Have you ever stopped to wonder why some human activities require focused concentration while others don’t? For example, if you don’t pay attention while driving your car, you might crash. But are thinking about digesting the last food you ate?
Unless your tummy aches or you are experiencing some gastrointestinal distress, it is unlikely you spend any time considering all the hard work your body is doing to keep you alive.
That’s because of our body’s autonomic nervous system (ANS). This network of nerves regulates the functions of our internal organs (heart, stomach, intestines), breathing, and certain muscles without our having to think about it. The ANS is always on. If it switched off, we would die in short order.
Consider how much more difficult life would be if you had to tell your body to keep inhaling and exhaling or to digest the food we’ve eaten. The ANS operates functions involuntarily (without using our thoughts or willpower) and reflexively (in response to external and internal stimulation).
Normally, the ANS rules our basic body functions during periods of low stress (when we rest and digest) or in an emergency (when we fight or flee).
Two nerve cells are involved in an autonomic nerve pathway. One cell is located in the brain stem or spinal cord. Nerve fibers connect it to the second cell, located in a cluster of nerve cells called an autonomic ganglion.
Ganglian nerve fibers, in turn, connect with the internal organs. Most of the ganglia for the sympathetic division are situated just outside the spinal cord on either side of it. The ganglia for the parasympathetic division are found near, or in the organs, they connect with.
The ANS is divided into two main parts (divisions), the sympathetic and parasympathetic systems. The ANS can be triggered by signals within our bodies or outside them from the environment.
Once a signal is received, the ANS responds by either stimulating a body process, usually through the sympathetic division, or inhibits a physiological response via the parasympathetic division.
The ANS controls both muscles, glands, and internal bodily functions, including:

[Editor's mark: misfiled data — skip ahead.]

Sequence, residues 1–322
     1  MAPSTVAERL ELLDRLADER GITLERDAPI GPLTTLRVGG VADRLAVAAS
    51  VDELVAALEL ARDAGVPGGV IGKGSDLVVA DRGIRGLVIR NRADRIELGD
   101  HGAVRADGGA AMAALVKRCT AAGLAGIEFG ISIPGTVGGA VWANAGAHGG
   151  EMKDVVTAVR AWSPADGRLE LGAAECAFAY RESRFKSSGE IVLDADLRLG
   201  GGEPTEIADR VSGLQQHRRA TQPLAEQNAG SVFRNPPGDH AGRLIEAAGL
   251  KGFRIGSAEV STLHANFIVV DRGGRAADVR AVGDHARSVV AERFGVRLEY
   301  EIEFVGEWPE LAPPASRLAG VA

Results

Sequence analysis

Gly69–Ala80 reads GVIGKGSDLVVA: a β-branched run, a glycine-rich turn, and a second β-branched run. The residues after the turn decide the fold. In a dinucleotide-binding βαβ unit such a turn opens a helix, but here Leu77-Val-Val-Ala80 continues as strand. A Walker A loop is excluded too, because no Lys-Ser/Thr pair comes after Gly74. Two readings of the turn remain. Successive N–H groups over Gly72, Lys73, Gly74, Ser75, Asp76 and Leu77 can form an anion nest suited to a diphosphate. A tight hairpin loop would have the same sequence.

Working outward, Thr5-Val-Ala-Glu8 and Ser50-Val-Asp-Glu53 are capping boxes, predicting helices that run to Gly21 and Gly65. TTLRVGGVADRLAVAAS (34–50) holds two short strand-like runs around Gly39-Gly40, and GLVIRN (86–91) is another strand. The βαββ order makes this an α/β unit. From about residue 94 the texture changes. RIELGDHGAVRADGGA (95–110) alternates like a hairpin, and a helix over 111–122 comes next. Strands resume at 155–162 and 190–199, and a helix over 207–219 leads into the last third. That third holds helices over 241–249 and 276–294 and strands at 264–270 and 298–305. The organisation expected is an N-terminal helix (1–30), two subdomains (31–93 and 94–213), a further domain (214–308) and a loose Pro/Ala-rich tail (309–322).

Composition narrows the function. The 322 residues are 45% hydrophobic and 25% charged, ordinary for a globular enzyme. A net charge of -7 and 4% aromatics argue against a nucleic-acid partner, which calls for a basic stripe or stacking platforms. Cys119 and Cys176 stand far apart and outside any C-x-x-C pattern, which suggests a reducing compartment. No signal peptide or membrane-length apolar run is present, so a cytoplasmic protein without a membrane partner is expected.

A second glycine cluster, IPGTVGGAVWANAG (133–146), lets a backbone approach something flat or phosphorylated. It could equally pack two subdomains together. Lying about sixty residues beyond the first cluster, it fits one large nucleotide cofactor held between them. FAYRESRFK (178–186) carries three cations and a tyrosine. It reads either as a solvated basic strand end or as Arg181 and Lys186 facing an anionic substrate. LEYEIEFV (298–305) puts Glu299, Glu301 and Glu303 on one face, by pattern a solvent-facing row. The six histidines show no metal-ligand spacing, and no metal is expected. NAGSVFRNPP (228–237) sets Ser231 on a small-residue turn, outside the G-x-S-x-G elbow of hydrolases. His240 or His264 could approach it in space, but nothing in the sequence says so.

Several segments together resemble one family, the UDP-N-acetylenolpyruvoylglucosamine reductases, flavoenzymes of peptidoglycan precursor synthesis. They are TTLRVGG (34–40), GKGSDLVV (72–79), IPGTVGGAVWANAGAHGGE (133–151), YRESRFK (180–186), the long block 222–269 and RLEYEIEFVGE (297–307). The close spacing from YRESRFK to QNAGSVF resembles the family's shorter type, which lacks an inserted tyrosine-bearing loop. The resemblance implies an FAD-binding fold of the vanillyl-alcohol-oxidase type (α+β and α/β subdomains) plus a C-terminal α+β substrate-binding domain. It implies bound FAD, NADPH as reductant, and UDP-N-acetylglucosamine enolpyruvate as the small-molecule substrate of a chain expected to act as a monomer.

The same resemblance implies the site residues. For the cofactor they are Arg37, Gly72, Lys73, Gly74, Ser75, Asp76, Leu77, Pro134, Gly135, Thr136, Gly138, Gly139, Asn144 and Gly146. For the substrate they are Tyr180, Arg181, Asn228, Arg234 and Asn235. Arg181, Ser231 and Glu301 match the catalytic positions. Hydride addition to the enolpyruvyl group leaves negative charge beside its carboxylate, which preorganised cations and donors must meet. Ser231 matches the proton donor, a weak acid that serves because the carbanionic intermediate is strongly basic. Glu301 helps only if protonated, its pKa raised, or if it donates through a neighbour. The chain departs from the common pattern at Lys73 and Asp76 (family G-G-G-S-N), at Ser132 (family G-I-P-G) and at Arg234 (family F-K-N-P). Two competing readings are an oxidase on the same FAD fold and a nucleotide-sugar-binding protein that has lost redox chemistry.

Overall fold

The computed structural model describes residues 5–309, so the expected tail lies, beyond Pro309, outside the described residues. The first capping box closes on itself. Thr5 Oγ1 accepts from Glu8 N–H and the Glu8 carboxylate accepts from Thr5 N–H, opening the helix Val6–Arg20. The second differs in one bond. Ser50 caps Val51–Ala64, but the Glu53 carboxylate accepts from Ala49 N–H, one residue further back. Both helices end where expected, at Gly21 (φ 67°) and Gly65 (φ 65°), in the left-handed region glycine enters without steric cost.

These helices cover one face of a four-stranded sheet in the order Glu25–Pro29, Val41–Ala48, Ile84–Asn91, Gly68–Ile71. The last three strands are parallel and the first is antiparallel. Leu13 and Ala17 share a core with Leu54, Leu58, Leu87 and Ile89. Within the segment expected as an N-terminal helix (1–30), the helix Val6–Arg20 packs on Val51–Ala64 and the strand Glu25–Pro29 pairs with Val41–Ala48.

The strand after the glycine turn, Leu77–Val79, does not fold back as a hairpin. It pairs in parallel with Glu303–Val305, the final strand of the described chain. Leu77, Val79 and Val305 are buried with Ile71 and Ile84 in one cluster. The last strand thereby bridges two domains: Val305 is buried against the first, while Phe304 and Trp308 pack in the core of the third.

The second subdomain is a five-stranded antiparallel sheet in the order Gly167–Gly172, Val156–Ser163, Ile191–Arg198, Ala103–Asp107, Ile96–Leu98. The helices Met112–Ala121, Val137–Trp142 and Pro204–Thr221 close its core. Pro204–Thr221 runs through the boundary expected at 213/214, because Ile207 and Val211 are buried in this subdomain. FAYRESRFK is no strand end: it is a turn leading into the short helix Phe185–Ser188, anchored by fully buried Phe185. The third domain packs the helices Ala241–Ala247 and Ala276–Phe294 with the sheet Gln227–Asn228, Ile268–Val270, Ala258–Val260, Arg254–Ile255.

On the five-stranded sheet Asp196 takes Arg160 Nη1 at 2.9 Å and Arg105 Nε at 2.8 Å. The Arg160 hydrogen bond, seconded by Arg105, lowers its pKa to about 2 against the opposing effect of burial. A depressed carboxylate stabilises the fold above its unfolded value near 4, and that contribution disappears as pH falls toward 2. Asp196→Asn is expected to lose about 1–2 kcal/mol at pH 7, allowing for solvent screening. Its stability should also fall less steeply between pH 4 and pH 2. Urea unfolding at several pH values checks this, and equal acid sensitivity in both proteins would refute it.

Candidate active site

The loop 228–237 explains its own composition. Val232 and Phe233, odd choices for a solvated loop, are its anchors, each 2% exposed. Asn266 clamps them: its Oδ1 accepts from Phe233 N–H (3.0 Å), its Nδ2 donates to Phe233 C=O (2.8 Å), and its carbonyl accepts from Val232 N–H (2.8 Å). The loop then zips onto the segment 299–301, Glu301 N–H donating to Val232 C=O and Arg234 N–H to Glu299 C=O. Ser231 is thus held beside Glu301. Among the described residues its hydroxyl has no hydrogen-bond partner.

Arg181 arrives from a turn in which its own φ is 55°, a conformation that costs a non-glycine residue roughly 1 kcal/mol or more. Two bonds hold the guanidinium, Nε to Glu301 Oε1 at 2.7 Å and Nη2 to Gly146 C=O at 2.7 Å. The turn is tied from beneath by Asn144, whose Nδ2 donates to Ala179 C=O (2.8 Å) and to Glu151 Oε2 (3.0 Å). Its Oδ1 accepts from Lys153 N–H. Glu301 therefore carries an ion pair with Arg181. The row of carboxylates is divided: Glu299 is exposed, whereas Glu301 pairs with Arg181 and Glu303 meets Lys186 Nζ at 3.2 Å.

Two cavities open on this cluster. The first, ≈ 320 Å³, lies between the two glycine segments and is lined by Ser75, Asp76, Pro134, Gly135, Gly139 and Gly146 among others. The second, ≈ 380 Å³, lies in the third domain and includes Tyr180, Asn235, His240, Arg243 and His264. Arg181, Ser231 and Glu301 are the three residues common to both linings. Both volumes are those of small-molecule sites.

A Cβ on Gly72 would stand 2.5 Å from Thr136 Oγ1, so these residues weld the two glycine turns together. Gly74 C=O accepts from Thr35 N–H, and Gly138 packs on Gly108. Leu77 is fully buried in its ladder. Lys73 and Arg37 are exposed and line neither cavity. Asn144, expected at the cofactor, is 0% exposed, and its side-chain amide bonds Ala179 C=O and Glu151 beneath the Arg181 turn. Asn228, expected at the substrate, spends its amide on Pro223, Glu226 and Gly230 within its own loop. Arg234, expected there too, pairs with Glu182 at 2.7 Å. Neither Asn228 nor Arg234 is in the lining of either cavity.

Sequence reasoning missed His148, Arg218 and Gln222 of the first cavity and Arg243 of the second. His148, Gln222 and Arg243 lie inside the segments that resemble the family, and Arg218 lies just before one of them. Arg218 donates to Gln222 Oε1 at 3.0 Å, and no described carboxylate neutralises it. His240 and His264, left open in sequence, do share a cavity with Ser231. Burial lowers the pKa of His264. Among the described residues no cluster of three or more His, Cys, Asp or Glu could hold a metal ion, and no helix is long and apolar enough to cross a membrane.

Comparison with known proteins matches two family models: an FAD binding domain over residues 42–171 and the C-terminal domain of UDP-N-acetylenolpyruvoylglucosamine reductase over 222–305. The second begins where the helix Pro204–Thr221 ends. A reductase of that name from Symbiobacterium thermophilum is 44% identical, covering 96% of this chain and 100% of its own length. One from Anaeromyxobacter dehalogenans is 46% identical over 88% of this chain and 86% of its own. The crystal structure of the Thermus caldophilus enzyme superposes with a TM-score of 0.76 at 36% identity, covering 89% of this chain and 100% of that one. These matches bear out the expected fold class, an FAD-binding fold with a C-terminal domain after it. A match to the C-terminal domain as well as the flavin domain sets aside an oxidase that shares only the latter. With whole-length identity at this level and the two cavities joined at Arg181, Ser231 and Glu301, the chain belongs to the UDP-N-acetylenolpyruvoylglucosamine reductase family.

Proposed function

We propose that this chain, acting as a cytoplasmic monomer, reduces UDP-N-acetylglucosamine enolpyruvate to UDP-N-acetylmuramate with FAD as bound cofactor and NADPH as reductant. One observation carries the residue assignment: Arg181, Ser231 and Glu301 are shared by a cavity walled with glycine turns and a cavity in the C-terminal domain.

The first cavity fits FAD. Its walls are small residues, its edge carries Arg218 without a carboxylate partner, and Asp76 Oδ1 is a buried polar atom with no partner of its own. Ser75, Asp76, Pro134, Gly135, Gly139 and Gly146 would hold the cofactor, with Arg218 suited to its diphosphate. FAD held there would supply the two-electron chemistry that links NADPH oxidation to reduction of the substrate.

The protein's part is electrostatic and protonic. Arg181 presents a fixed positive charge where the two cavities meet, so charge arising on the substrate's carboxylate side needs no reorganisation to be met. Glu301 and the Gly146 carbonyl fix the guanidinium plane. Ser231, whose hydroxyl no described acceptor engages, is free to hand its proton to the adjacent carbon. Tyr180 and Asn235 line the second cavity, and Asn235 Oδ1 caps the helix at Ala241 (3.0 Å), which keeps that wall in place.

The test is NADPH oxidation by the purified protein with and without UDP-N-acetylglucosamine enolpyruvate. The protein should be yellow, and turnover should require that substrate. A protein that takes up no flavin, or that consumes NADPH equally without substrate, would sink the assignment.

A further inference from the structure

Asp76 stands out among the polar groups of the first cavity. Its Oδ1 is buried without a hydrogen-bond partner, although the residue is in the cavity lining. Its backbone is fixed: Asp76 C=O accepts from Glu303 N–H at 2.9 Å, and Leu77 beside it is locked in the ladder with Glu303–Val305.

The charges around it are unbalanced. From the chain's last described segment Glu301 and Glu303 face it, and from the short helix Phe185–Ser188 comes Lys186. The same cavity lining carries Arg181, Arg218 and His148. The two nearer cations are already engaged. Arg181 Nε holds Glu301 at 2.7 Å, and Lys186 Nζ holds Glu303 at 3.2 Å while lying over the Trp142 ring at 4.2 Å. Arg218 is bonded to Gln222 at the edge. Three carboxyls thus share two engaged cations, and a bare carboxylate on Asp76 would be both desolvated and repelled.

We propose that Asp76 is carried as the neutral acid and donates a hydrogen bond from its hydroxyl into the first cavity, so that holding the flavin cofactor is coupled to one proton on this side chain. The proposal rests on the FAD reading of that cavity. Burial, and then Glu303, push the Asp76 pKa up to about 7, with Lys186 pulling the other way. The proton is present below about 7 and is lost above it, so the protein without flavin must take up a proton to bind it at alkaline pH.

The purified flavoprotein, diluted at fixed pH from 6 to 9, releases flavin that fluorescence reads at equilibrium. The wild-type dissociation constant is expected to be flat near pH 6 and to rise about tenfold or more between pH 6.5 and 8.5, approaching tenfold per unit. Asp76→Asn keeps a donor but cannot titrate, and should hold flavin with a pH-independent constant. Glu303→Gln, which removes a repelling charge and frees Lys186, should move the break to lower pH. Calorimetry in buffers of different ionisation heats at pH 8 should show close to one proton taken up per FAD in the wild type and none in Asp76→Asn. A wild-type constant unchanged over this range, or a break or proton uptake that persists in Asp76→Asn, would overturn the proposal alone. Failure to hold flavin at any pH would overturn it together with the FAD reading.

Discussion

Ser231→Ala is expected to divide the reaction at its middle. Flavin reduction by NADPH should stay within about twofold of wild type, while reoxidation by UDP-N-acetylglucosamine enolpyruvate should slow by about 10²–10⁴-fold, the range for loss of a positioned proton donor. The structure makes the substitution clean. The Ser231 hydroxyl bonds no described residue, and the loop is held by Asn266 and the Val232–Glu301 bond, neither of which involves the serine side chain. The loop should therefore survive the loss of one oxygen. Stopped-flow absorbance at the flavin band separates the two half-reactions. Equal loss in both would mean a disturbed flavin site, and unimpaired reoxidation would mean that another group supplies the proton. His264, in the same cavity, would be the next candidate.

- Blood pressure
- Heart and breathing rates
- Body temperature
- Metabolism (thus affecting body weight)
- The balance of water and electrolytes (such as sodium and calcium)
- The production of body fluids (saliva, sweat, and tears)
- Sexual response
Sympathetic vs. Parasympathetic
Typically, the sympathetic division prepares the body to deal with stress or an emergency situation. It activates our natural defense system: fight or flight. When we sense danger, our ANS leaps into action, either to combat the danger or run from it.
In the absence of life-threatening stressors, the parasympathetic division regulates all our ordinary, non-emergency, resting and digesting processes.
As you can see from the table below, the parasympathetic division tends to conserve and restore, while the sympathetic division spends and discharges. For example, the sympathetic division will constrict the pupil of the eye, making it smaller, while the parasympathetic division will dilate the eye’s pupil, making it larger.
|Body Structure||Sympathetic Stimulation||Parasympathetic Stimulation|
|Iris (eye muscle)||Pupil dilation||Pupil constriction|
|Salivary Glands||Saliva production reduced||Saliva production increased|
|Oral/Nasal Mucosa||Mucus production reduced||Mucus production increased|
|Heart||Heart rate and force increased||Heart rate and force decreased|
|Lung||Bronchial muscle relaxed||Bronchial muscle contracted|
|Stomach||Peristalsis reduced||Gastric juice secreted; motility increased|
|Small Intestine||Motility reduced||Digestion increased|
|Large Intestine||Motility reduced||Secretions and motility increased|
|Liver||Increased conversion of
glycogen to glucose
|Kidney||Decreased urine secretion||Increased urine secretion|
|Adrenal medulla||Norepinephrine and
The ANS work with the somatic nervous system to keep our internal body processes going without any conscious thought. The somatic nervous system is made up of nerves that connect the brain and spinal cord with muscles controlled by conscious effort (voluntary or skeletal muscles) and with sensory receptors in the skin.